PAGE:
Although pernicious anemia is due to a deficiency of vitamin B12, most of the people who were getting the disease were eating food that contained more than enough vitamin B12. They simply weren’t absorbing the vitamin. The vitamin B12 that occurs naturally in animal-based food tends to be bound to protein. The acid in the stomach helps to break the vitamin B12 free from those proteins. Then the vitamin B12 binds to another protein produced by the stomach itself. This protein is called intrinsic factor. When vitamin B12 is bound to intrinsic factor, it is very easily absorbed from the intestine. If the stomach doesn’t produce intrinsic factor, only about 1% of a very large dose of vitamin B12 would get absorbed into the bloodstream.
In other words, people with a normal digestive system can efficiently absorb vitamin B12 from their food or from a supplement they take by mouth. People whose stomach doesn’t make intrinsic factor can’t absorb vitamin B12 efficiently from their food or from supplements. They can meet their needs for vitamin B12 either by getting vitamin B12 shots (thus bypassing the need for intrinsic factor) or by taking such huge doses of vitamin B12 by mouth that they end up absorbing enough to meet their needs.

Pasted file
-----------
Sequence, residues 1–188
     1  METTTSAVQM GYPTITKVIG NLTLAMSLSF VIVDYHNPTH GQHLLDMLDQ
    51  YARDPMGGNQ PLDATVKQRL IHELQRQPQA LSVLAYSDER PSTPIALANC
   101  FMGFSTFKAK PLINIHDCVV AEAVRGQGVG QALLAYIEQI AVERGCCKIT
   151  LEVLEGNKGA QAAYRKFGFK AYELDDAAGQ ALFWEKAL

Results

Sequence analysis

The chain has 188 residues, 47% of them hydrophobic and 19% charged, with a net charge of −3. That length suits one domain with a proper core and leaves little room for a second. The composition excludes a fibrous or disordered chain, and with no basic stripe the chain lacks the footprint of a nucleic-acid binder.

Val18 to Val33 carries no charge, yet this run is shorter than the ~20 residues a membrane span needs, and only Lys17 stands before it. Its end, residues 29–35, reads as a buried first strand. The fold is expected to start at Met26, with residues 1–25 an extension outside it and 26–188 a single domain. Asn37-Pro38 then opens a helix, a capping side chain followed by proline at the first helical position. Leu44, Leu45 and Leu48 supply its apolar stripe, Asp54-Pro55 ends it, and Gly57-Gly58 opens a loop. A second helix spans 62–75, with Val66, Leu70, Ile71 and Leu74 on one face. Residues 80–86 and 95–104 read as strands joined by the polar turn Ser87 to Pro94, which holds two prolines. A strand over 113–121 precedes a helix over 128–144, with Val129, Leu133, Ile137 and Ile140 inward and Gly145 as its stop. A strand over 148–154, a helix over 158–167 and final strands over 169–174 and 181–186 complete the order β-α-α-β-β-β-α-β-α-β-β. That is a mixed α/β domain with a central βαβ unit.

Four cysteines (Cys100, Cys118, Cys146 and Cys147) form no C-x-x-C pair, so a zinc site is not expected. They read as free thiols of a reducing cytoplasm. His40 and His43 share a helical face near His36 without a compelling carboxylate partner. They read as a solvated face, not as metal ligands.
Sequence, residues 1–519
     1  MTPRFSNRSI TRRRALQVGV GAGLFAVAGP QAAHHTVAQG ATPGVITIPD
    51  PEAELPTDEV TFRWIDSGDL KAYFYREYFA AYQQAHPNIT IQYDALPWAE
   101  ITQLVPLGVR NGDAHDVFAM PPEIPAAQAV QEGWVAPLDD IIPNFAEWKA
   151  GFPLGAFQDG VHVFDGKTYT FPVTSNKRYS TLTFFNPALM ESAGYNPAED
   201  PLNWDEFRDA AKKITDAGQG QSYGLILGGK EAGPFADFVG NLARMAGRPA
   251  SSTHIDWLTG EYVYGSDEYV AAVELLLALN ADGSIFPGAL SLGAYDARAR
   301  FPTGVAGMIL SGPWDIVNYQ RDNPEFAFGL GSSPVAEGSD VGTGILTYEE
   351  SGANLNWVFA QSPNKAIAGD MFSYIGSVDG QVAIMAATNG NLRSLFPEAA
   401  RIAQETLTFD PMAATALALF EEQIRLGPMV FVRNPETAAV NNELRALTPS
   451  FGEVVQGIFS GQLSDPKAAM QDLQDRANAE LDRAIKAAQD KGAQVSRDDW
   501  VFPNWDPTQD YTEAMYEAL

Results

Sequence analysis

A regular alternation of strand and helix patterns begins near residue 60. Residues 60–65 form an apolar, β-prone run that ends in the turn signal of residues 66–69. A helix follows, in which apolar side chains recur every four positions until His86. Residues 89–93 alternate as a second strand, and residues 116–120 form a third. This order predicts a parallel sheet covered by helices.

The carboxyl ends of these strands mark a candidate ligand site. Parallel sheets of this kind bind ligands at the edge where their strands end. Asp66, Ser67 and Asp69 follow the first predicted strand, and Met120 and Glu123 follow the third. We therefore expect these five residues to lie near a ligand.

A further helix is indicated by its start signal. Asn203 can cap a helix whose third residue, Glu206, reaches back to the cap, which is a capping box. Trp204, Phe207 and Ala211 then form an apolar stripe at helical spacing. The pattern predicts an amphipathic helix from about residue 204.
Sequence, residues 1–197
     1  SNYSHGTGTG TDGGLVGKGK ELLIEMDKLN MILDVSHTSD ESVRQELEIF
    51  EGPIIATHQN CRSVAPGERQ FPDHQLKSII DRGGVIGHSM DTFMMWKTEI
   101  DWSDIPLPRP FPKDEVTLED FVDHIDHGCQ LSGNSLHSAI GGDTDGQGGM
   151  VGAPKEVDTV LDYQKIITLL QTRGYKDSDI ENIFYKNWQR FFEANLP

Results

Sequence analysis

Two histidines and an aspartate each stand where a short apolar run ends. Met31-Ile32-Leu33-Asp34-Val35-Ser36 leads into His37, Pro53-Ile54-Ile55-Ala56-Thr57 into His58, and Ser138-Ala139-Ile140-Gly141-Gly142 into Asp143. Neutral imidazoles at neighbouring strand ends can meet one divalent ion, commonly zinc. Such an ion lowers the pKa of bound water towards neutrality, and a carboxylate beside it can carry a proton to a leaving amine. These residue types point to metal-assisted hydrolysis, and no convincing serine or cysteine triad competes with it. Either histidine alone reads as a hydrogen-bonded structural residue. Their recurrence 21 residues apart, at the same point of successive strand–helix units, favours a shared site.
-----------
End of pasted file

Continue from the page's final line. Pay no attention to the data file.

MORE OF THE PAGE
Theoretically, you could also get a vitamin B12 deficiency by eating a diet that doesn’t contain enough vitamin B12. Dietary deficiency of vitamin B12 wouldn’t be a problem for carnivores or omnivores, because animal-based foods contain vitamin B12. Even though plant foods don’t contain vitamin B12, most plant-eating species don’t have a problem with vitamin B12 deficiency. That’s because they can absorb the vitamin B12 that is made by bacteria in their digestive tract.
Cattle and sheep are particularly good at getting vitamin B12 from their gut bacteria. That’s because plenty of vitamin B12 is being produced in the stomach and is then absorbed in the small intestine. So “foregut fermenters” like cattle and sheep never have a problem with vitamin B12 deficiency as long as there’s some source of cobalt in their food.